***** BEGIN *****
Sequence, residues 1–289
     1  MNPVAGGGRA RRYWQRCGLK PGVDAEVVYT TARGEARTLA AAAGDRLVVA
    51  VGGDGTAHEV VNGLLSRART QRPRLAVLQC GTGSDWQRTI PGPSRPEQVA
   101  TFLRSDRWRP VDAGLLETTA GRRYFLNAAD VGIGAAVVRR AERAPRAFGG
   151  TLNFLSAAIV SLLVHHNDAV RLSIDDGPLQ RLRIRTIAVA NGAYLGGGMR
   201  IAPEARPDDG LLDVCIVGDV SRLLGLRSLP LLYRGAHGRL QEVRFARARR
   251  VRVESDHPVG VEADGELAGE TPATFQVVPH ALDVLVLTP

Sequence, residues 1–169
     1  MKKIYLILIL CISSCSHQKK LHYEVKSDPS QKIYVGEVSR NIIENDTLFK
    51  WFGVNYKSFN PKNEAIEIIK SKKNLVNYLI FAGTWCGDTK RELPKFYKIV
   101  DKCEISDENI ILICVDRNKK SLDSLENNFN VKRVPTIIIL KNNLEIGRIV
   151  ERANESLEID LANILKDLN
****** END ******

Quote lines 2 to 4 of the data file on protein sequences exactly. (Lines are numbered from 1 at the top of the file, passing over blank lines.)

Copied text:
     1  MNPVAGGGRA RRYWQRCGLK PGVDAEVVYT TARGEARTLA AAAGDRLVVA
    51  VGGDGTAHEV VNGLLSRART QRPRLAVLQC GTGSDWQRTI PGPSRPEQVA
   101  TFLRSDRWRP VDAGLLETTA GRRYFLNAAD VGIGAAVVRR AERAPRAFGG